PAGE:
It had been slow going for Nevitta and the Jovian and Herculean Legiones ever since they had set foot on Europa a few days back. Between being ambushed on the beaches as they disembarked from their liburnes, the constant harassing attacks by Gothic horsemen and the siege of Gallipolis, they made slow but steady progress through the Via Ignatia towards Constantinople.
From the command tent of the temporary marching camp the legions had erected, Nevitta pondered as to what was keeping the traitor Verenianus from openly meeting him in battle. He was a grandiose man, but of relatively simple tactics. Skirmishes and harassment simply weren’t his style. As he perused scouting reports sent in earlier in the day, Nevitta could not help but think perhaps he was walking into a trap. The Goths were still on the loose, even if their best warriors had been destroyed attempting to take Constantinople.
What the hell, he thought. Between him and the rapidly advancing army of Aetius, nothing would be able to oppose them. With such thoughts, he put down the scouts wax tablet and set off for bed, in full armour and armed, just in case.
The expected resistance came as they approached the outskirts of Constantinople. It appeared that Verenianus, having not learned his lesson, attempts to lay siege to the city again. The fool, thought Nevitta. Why this army had not fled on spotting the legions approaching is beyond him, perhaps there is disarray in the rebel leadership? Not that it matters; their fates will all be decided on the battlefield:
Led by a certain Felix Ammanius, all three armies are composed of the same basic troop type. Limitanei Armatus, Numerii, Auxilia and other supporting troops, all taken from the Limes on the Danube. Though outnumbering the legiones, they are no match for Nevitta’s battle hardened and experienced soldiers.
Battle is joined by a small valley on the Via Ignatia. The enemy occupy the high ground, and Nevitta, more cautious than usual, deploys his smaller line in a triple acies, intending to wait for the enemy to come to him.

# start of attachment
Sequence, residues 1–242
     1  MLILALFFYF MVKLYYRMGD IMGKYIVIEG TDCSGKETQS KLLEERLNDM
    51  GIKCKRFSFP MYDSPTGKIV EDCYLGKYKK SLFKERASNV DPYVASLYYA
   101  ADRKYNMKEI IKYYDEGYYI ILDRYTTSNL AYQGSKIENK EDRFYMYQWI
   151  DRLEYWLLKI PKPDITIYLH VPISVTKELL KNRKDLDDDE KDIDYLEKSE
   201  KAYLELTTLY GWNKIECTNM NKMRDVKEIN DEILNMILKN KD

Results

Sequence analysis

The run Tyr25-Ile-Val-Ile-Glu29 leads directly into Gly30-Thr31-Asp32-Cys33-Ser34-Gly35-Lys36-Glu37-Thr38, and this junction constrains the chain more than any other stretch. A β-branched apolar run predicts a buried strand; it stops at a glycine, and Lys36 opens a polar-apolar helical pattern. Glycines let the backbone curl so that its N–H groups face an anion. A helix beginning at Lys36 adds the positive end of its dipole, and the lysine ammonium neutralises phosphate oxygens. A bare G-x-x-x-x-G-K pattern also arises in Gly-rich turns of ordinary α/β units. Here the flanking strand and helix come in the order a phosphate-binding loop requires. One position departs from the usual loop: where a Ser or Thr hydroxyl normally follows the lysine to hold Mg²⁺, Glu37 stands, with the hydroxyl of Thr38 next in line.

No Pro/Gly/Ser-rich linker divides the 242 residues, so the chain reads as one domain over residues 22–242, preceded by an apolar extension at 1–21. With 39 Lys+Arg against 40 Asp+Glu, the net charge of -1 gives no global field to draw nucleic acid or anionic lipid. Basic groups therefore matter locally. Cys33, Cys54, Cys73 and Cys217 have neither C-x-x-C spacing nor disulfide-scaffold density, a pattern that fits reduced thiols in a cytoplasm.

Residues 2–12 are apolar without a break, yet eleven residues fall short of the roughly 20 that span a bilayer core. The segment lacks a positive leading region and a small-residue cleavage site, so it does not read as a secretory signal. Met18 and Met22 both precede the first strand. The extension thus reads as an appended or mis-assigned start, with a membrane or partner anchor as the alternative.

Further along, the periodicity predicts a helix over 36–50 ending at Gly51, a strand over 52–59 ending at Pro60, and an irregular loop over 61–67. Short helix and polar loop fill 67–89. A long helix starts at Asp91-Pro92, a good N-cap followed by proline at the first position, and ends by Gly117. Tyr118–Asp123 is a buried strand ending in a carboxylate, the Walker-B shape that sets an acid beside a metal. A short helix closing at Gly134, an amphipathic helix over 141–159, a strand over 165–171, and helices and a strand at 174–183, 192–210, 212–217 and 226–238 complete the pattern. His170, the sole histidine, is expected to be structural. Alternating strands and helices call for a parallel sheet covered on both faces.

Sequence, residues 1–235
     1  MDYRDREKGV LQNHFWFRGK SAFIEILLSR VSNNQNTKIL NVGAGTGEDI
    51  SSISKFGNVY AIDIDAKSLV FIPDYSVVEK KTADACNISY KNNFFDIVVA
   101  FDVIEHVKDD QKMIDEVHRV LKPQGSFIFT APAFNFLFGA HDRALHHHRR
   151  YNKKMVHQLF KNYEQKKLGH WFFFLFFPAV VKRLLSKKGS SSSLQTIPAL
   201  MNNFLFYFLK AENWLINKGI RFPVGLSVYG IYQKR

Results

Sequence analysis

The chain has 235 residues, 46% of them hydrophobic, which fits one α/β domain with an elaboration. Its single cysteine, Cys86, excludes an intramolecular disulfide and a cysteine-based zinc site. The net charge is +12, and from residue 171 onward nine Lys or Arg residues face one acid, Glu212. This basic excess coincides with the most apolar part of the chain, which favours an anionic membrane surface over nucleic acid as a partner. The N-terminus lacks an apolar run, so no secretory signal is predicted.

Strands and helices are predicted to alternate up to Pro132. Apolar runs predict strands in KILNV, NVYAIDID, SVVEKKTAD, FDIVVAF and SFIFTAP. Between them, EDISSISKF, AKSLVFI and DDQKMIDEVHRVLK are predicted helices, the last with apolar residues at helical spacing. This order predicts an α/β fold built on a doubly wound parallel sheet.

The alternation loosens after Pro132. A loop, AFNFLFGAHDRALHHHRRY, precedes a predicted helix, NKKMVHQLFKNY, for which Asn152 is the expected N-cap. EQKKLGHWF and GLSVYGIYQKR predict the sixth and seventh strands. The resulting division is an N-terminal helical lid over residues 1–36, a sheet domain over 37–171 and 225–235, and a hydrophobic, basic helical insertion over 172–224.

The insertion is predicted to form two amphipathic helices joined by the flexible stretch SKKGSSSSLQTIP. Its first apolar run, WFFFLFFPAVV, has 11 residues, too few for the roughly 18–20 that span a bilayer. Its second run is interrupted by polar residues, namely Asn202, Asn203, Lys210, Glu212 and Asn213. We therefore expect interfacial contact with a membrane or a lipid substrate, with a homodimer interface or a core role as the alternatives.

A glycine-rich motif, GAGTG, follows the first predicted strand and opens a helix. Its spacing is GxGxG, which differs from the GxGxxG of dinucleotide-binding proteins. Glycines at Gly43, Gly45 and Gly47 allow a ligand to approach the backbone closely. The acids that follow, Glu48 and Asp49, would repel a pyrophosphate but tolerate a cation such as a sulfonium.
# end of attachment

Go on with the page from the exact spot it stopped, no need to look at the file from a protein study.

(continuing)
This they do, in the form of skirmishers sent to harass our left flank.
We dispatch our left ala to deal with them:
Which not only pursues the enemy horse off the field, but in turn proceeds to harass the enemy’s own flank.
Seeing that the entire flank of the enemy has surged forwards to support their beleaguered skirmishers, Nevitta dispatches the rest of his cavalry to shore up the odds:
But when the entire rebel line moves forward as one, the time for skirmishes is over. The time for battle has arrived:
“Men, form a line on the hill, on the double!”
With this simple manoeuvre accomplished, Nevitta sees to his right flank, and dispatches the returned cavalry to cover it:
They quickly encircle and destroy a unit of rebel cataphracts which attempted to outmanoeuvre our forces, although sadly a unit of our own equites sagitarii has become stranded inside enemy lines and has been routed.
Soon afterwards, battle proper is joined by the opposing lines:
Steel clashes on steel, missiles fill the sky, the sounds buccina’s and cornu’s fill the air, centurios bark out orders, veterans hide behind their shields and slash away, green recruits soil themselves and lunge wildly into the fray. The slaughterous poetry we name battle began.
But it did not last long:
Our cavalry, being numerous, well lead and expertly trained, has no trouble clearing the flanks of the enemy, and then cutting off the enemy escape and destroying their isolated units piecemeal. Here and there, enemy leaders fell, the lancea of cavalry troopers stuck to their backs:
Centurio Theodosius was one such unlucky leader. Attempting to rally his fleeing men, he made a good target for a sagitarii decurio, which shot his arrow true right into the throat of the veteran.
With the loss of such men, the fate of the enemy soldiers was sealed.
Death and defeat followed for them. *
Meanwhile, Aetius dispatches Valens and a small contingent of cavalry to deal with an enemy scouting force: